State v. Dennis M. Gralinski, 2007 WI App 233
For Gralinski: Martin Kohler; Craig Powell, PFR filed 10/5/07
¶26 Gralinski next contends that the warrant was invalid because it was based on stale information such that no inference could be drawn that the items sought in the warrant would be located in his home two and one-half years after the membership to the Regpay website was purchased. He bases his argument on his contention that the affidavit did not demonstrate a pattern of actual and ongoing possession of child pornography by him. We disagree with Gralinski and conclude that the concept of staleness is not a bar to probable cause under the circumstances of this case.
¶30 Just as the court in Multaler found that the issue of staleness in that case depended, in part, upon the tendencies of serial killers to collect and retain items evidencing their crimes, id., ¶40, here, the issue of staleness depends, in part, upon the tendencies of collectors of child pornography, as detailed in the special agent’s affidavit. Gralinski does not contest the special agent’s description of the habits of collectors of child pornography in the affidavit supporting the search warrant. In this regard, the affidavit provided “that individuals who are involved with child pornography are unlikely to ever voluntarily dispose of the images they possess, as those images are viewed as prized and valuable materials.” Given the specific factual information obtained when Regpay’s customer databases were seized that Gralinski’s credit card had been used to purchase a membership to sites containing child pornography, it was reasonable for the magistrate to infer that Gralinski downloaded visual child pornography from the website s to his computer.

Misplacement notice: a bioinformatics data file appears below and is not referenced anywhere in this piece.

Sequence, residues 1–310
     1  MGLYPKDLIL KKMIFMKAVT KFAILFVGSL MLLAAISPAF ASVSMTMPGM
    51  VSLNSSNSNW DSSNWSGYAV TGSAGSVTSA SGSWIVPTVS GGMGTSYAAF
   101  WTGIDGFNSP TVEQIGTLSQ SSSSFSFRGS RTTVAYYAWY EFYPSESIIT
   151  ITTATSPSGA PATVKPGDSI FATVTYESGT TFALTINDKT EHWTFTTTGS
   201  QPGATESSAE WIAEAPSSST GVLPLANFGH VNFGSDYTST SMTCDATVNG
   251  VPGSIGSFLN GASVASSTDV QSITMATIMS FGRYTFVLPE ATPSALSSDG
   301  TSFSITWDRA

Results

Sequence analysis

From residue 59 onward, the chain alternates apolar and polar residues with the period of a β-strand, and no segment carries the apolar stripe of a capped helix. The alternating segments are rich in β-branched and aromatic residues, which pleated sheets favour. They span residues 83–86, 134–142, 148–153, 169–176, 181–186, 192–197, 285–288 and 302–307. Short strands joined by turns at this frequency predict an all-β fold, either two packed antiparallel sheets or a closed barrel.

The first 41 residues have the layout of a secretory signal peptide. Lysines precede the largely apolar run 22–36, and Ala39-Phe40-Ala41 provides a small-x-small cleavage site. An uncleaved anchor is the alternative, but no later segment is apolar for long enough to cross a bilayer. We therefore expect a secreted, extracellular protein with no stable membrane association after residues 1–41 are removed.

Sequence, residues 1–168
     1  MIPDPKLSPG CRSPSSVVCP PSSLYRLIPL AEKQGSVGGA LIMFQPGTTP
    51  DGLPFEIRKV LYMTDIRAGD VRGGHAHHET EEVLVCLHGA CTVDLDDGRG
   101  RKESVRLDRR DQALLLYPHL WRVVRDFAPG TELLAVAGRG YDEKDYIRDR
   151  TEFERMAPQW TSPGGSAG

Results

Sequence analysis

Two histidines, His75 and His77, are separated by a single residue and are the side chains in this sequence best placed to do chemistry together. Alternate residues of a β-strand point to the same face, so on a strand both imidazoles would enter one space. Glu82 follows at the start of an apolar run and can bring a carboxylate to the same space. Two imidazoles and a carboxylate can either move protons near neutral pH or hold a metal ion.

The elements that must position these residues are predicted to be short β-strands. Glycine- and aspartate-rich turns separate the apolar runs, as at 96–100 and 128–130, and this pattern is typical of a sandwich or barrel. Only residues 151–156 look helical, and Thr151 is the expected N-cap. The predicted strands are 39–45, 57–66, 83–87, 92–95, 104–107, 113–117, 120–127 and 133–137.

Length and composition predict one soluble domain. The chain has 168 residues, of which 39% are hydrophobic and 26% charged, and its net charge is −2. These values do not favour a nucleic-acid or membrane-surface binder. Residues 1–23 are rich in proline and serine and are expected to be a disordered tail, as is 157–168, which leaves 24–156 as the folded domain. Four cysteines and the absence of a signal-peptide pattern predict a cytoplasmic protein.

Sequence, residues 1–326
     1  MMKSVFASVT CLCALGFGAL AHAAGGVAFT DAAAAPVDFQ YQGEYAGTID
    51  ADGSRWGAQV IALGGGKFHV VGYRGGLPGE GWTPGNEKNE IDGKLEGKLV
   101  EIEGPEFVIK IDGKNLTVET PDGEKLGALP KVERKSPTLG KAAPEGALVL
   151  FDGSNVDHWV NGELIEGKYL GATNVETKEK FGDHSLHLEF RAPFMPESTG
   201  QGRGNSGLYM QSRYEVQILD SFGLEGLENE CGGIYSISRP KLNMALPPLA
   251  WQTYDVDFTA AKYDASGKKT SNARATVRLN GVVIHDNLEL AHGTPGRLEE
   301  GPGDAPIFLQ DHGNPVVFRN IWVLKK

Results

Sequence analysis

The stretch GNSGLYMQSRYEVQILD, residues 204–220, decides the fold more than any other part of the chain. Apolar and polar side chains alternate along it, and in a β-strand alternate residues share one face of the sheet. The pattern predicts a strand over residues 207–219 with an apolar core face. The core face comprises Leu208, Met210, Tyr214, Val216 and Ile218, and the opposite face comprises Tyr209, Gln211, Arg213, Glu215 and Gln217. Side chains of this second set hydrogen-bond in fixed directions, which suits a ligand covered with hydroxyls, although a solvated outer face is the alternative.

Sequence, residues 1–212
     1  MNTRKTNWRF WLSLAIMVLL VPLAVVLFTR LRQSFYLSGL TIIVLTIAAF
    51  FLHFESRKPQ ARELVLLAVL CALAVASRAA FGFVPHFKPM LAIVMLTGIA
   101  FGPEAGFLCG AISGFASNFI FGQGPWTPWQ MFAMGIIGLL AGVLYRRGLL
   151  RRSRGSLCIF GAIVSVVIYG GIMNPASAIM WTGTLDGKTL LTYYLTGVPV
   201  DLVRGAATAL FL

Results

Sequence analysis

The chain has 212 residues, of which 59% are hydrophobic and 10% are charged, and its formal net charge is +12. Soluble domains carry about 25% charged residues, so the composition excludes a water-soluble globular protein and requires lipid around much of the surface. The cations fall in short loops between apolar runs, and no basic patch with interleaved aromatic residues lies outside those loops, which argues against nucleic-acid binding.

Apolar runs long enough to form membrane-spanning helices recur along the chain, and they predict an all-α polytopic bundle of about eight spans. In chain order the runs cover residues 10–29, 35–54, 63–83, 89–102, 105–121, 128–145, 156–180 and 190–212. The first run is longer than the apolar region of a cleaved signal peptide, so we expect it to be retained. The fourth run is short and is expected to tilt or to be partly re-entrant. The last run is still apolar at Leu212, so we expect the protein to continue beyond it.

¶31 Because possession of child pornography on one’s computer differs from possession of other contraband in the sense that the images remain even after they have been deleted, and, given the proclivity of pedophiles to retain this kind of information, as set forth in the affidavit supporting the request for the search warrant, there was a fair probability that Gralinski’s computer had these images on it at the time the search warrant was issued and executed. …
The court rejects a vagueness challenge that the statute fails to provide fair notice that written communications are within its ambit, ¶18: the meaning of “verbal” as associated with words and not merely oral is sufficiently established to “give persons of ordinary intelligence fair notice that it prohibits written communication.” The court, however, leaves open the question of whether the statute covers distribution of a “story on the Internet to a broad audience rather than to a specific person the defendant knew or reasonably should have known was a minor,” ¶18 n. 5.